Of course, the level of R&D intensity (investment measured against sales) is much higher in companies in industries like healthcare versus digital companies. Still, as industry analysts have concluded time and again, it’s not the size of the R&D investment that counts but rather how it is used.

So how can you maximize the value of your investments in new product development and reduce the risks of taking the wrong turn?

At Intellias, we do this by adopting the glass box product engineering strategy.

The glass box digital product engineering strategy

At the concept stage, product development resembles a black box.

Your team has more questions than answers:

  • What problem will our product solve? What’s our unique value proposition (UVP) going to be?
  • Who’s the ideal target audience for our product? What features would they like to have?
  • How do we organize the product engineering process to accelerate time to market?
  • How do we generate awareness, interest, and sufficient demand for our product to break even and then make a profit?
  • How are we going to measure success? What metrics should be in place?
  • What should we do if we get outrun or our market share is eroded by a bigger/faster competitor?

To help our clients get answers to these questions, our product team has developed a framework for turning that black box into a glass box.

Eliminating Guesswork from Product Engineering with the Glass Box Strategy

Our glass box product engineering process is based on industry best practices such as the Double Diamond process model, lean product development principles, and continuous feedback loops, as well as on our field expertise in engineering innovative products.

The glass box strategy has four key stages:

  • Data-driven product idea validation
  • Lean software engineering
  • Metrics-driven go-to-market strategy outlining
  • Safe product scaling

Product idea validation

To determine if there’s a bright future for your product, you need to understand the market readiness by determining the product–market fit.

Andy Rachleff, CEO of Wealthfront; and Don Valentin, founder of Sequoia formalized most of the ideas behind product–market fit.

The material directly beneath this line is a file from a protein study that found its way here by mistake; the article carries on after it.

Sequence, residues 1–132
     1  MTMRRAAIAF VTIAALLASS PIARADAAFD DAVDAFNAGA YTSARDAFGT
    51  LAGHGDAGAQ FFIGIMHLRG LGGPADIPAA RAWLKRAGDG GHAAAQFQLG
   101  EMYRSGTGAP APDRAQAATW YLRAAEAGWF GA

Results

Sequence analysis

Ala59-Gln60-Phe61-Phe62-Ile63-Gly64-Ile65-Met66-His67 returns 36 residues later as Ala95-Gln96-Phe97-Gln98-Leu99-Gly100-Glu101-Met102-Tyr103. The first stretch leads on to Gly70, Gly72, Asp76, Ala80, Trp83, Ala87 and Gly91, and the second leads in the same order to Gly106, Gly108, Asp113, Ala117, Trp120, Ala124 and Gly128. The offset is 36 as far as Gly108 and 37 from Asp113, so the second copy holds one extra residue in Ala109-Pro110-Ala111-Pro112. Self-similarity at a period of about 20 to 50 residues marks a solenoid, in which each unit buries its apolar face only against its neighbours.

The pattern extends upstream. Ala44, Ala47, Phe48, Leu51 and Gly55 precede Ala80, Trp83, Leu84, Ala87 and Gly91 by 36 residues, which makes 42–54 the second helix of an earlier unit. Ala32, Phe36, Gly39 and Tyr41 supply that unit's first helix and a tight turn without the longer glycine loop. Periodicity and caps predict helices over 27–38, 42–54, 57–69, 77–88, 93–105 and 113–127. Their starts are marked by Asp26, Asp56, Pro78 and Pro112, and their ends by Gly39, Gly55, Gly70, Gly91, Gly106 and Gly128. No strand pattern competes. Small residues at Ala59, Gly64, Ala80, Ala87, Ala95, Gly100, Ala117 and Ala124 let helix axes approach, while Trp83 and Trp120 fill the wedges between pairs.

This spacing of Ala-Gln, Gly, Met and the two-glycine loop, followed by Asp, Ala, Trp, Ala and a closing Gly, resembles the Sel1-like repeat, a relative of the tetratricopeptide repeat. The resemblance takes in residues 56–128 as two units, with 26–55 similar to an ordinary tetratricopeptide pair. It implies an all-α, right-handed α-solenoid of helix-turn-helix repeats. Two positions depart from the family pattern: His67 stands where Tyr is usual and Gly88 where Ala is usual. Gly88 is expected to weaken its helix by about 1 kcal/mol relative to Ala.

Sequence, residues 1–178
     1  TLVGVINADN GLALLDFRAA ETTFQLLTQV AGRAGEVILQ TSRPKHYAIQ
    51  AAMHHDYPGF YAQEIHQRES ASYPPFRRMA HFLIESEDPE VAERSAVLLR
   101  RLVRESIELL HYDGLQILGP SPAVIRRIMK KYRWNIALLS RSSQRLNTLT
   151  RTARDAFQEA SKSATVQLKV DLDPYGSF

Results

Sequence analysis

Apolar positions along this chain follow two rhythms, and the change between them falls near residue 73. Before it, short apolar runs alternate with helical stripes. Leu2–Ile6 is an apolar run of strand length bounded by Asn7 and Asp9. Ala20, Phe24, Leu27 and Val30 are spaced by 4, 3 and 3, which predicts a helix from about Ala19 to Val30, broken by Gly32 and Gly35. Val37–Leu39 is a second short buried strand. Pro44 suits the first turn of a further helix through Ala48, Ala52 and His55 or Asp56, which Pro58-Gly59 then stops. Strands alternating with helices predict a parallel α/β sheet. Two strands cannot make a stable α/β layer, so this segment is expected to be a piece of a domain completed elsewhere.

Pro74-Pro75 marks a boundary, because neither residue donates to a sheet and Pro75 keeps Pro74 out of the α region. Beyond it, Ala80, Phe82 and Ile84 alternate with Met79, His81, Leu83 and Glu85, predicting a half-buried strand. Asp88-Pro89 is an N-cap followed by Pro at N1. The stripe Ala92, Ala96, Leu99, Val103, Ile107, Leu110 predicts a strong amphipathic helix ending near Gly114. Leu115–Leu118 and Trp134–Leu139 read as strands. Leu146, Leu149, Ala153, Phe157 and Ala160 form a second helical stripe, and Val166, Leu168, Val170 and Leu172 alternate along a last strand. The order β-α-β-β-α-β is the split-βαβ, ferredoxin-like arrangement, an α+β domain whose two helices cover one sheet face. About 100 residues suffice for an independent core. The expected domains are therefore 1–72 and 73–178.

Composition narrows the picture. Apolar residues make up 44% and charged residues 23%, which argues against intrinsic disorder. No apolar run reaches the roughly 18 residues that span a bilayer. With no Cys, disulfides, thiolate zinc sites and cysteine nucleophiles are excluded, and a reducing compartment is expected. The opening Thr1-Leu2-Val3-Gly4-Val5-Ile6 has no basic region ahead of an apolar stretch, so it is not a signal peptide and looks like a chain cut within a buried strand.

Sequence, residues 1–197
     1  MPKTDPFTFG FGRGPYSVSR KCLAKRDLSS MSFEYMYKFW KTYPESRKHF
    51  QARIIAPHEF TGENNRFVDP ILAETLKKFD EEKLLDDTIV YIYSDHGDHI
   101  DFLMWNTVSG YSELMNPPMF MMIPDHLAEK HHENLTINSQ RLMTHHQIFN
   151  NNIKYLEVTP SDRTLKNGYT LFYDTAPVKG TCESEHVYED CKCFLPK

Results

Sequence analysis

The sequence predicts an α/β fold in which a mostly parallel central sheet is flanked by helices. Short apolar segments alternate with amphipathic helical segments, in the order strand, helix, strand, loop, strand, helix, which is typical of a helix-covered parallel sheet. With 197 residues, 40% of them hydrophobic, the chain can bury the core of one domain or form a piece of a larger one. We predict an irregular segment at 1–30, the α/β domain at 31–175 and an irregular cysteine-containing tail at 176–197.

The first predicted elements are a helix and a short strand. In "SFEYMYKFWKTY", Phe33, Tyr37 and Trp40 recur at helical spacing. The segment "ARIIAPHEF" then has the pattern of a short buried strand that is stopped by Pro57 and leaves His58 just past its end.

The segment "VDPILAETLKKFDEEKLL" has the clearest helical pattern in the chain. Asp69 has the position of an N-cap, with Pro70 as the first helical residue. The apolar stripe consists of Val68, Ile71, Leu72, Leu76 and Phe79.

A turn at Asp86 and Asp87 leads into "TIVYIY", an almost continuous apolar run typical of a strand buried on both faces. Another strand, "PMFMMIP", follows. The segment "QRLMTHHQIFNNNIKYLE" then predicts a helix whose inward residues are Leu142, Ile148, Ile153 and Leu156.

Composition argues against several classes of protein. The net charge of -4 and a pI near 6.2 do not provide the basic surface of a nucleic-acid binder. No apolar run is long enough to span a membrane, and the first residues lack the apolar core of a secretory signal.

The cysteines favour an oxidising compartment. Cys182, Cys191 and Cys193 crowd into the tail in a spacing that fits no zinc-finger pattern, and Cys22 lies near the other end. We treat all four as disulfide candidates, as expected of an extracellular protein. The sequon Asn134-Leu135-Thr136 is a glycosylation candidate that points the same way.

According to Rachleff, there are some early indications that the market thinks your product is the right solution. The goal of product–market fit analysis is first to generate those indications, then to analyze and transform them into product backlog items.

To get started, you need to develop several value hypotheses:

A value hypothesis is an attempt to articulate the key assumption that underlies why a customer is likely to use your product. It identifies the features you need to build, the audience that’s likely to care, and the business model required to entice a customer to buy your product.

Andy Rachleff, CEO of Wealthfront

How do you articulate a value hypothesis?

Our product engineering company relies on:

  • Market analysis: Total addressable market, serviceable addressable market, primary target audiences, and competitive landscape
  • User analysis: Business/target user feedback, support tickets, open-source data mining

Each value hypothesis is then recorded as an experiment — an idea we want to test and validate during the minimal viable product (MVP) stage to verify product–market fit.

For example, if you’re building a telematics insurance product, your value hypothesis could read like this:

For young drivers (aged 18–27, living in the UK) who prioritize safe driving, our product provides a dynamic policy premium that rewards them for their safe driving behavior. By continuously tracking and updating their driving record, users who have no recorded speeding, harsh braking, or collision events can expect to see their policy premium decrease over time.